Roger Ebert rated the film 2½ stars out of 4, writing that while he admired Bier's previous films Things We Lost in the Fire and both the Danish and American versions of Brothers, he felt that "here her method is too foregrounded. The African events in particular don't fit organically into the rest of the film, playing more like a contrived contrast." However, he also remarked, "The story of the boys works well (they're both good actors), and their fathers are well-drawn and seen with sympathy .... There are two strong stories here, in Africa and Denmark. Either could have made a film. Intercut in this way, they seem too much like self-conscious parables. No doubt the film's noble intentions appealed to the academy voters, but this seems to me the weakest of this year's five nominees."[13]


On 19 January 2011, it made the shortlist for Best Foreign Language Film[14] and on 25 January, it was selected as one of the final five nominees[15] and won as the Danish entry for the Best Foreign Language Film at the 83rd Academy Awards.[16] The film also won for Best Foreign Language Film at the 68th Golden Globe Awards.[17] Additionally, it won:

  • Rome International Film Festival 2010:[18]
    • Marc'Aurelio Audience Award for Best Film
    • Marc'Aurelio Grand Jury Award
  • Sevilla Festival de Cine 2010:[19]
    • Best Director
    • Best Screenplay
  • Tallinn Tarta, Black Nights Film Festival 2010:[18]
    • Best Male Actor
  • Thessaloniki International Film Festival 2010:[18]
    • Creative Excellence Award
  • European Film Awards
    • Best Director

See also[edit]


  1. ^ a b c In a Better World at Box Office Mojo
  2. ^ "In a Better World (15)". British Board of Film Classification. 21 July 2011. Retrieved 9 September 2011.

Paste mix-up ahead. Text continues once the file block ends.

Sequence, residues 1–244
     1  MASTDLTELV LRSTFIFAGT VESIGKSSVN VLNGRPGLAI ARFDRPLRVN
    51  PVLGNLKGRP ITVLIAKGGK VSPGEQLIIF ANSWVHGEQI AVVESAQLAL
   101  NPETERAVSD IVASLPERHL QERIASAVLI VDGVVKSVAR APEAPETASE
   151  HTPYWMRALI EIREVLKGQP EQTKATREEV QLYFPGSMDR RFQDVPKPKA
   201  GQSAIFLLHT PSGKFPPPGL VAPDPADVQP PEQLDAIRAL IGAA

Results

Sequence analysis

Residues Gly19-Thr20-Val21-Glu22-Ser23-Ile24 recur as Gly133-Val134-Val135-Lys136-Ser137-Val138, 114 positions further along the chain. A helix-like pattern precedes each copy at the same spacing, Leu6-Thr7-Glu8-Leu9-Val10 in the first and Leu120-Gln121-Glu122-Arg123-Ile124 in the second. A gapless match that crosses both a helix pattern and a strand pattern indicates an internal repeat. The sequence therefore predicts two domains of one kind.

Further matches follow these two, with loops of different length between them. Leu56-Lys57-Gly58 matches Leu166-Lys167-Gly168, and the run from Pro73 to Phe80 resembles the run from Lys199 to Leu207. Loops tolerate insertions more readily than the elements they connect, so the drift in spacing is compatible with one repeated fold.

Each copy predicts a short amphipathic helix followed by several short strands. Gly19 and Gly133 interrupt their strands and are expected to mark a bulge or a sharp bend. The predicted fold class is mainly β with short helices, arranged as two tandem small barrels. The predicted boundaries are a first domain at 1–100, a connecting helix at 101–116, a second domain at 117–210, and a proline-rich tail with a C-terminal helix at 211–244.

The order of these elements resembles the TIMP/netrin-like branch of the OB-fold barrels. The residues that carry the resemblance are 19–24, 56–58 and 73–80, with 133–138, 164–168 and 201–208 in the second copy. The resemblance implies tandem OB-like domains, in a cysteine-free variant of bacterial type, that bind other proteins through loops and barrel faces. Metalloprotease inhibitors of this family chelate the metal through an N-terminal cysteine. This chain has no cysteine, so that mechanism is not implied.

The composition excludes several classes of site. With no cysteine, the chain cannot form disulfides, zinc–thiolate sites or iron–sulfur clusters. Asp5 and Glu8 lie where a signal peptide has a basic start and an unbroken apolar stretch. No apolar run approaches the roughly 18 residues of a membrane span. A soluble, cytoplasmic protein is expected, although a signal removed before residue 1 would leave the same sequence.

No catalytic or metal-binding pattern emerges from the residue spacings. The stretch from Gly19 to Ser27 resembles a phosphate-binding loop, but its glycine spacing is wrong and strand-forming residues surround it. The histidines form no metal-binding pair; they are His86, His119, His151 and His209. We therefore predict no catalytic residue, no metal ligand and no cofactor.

3. ^ "Denmark's 'In a Better World' wins foreign Oscar", Associated Press, 28 February 2011. Retrieved 28 February 2011.
  4. ^ Vary, Adam B (3 December 2011). "'Melancholia' wins top prize at European Film Awards". Entertainment Weekly. Retrieved 4 December 2011.
  5. ^ a b Pham, Annika (30 August 2010). "Susanne Bier • Director". Cineuropa. Retrieved 18 January 2024.
  6. ^ a b Rifbjerg, Synne (27 July 2010). "I's never just black and white". Danish Film Institute. Archived from the original on 30 January 2011. Retrieved 3 February 2011.
  7. ^ a b "Civilization (2010)". Swedish Film Database. Swedish Film Institute. Retrieved 3 February 2011.
  8. ^ a b Thorsen, Lotte (21 August 2009). "Susanne Bier laver ny stjernebesat spillefilm". Politiken (in Danish). Retrieved 3 February 2011.
  9. ^ In a Better World. Rotten Tomatoes. Fandango Media. Retrieved on 17 October 2020.
  10. ^ "In A Better World, Critic Reviews". Metacritic. CBS. 12 May 2011. Retrieved 6 January 2017.
  11. ^ Skotte, Kim (26 August 2010). "Susanne Bier lever op til alle forventninger". Politiken (in Danish). Retrieved 17 February 2011. 'Hævnen' er et kraftfuldt og medrivende drama"; "Mægtige Mikael Persbrandt viser, at han er Skandinaviens mest karismatiske spiller lige nu. Trine Dyrholms scener er færre, men på et splitsekund kan hun dramatisere lærredet, så halsen snører sig sammen. Også Ulrich Thomsen er god som sorgramt alenefar. Med sin vellykkede instruktion af de to drenge Markus Rygaard og William Jøhnk Nielsen føjer Bier et nyt kapitel til sit i forvejen omfattende resumé over toptunede kvalifikationer.
  12. ^ Nielsen, Peter (25 August 2010). "Undersøgelser på overfladen". Dagbladet Information (in Danish). Retrieved 17 February 2011. Hævnen er på alle måder en vellykket film"; "Der er ingen tvivl om, at Susanne Bier kan fortælle en god historie"; "Hun kan forføre, og hun kan trykke på de helt rigtige følelsesmæssige knapper, sådan at såvel mødre- som fædrehjerter er ramte, men hun borer ikke for alvor sin sonde ind i kødet.
  13. ^ Ebert, Roger (14 April 2011). "Isn't it pretty to think so?". Ebert Digital LLC. Archived from the original on 3 June 2013. Retrieved 11 January 2021.
  14. ^ "9 Foreign Language Films Continue to Oscar Race". Retrieved 19 January 2011.
  15. ^ "Nominees for the 83rd Academy Awards". Retrieved 25 January 2011.
  16. ^ "Denmark picks Bier's In a Better World for Oscar race". screendaily. Retrieved 26 January 2011.
  17. ^ "Golden Globe Nominees 2011". Archived from the original on 24 July 2012. Retrieved 26 January 2011.
  18. ^ a b c "In A Better World". Retrieved 25 January 2011.
  19. ^ "Sevilla Festival de Cine 2010". Archived from the original on 10 July 2011. Retrieved 25 January 2011.

External links[edit]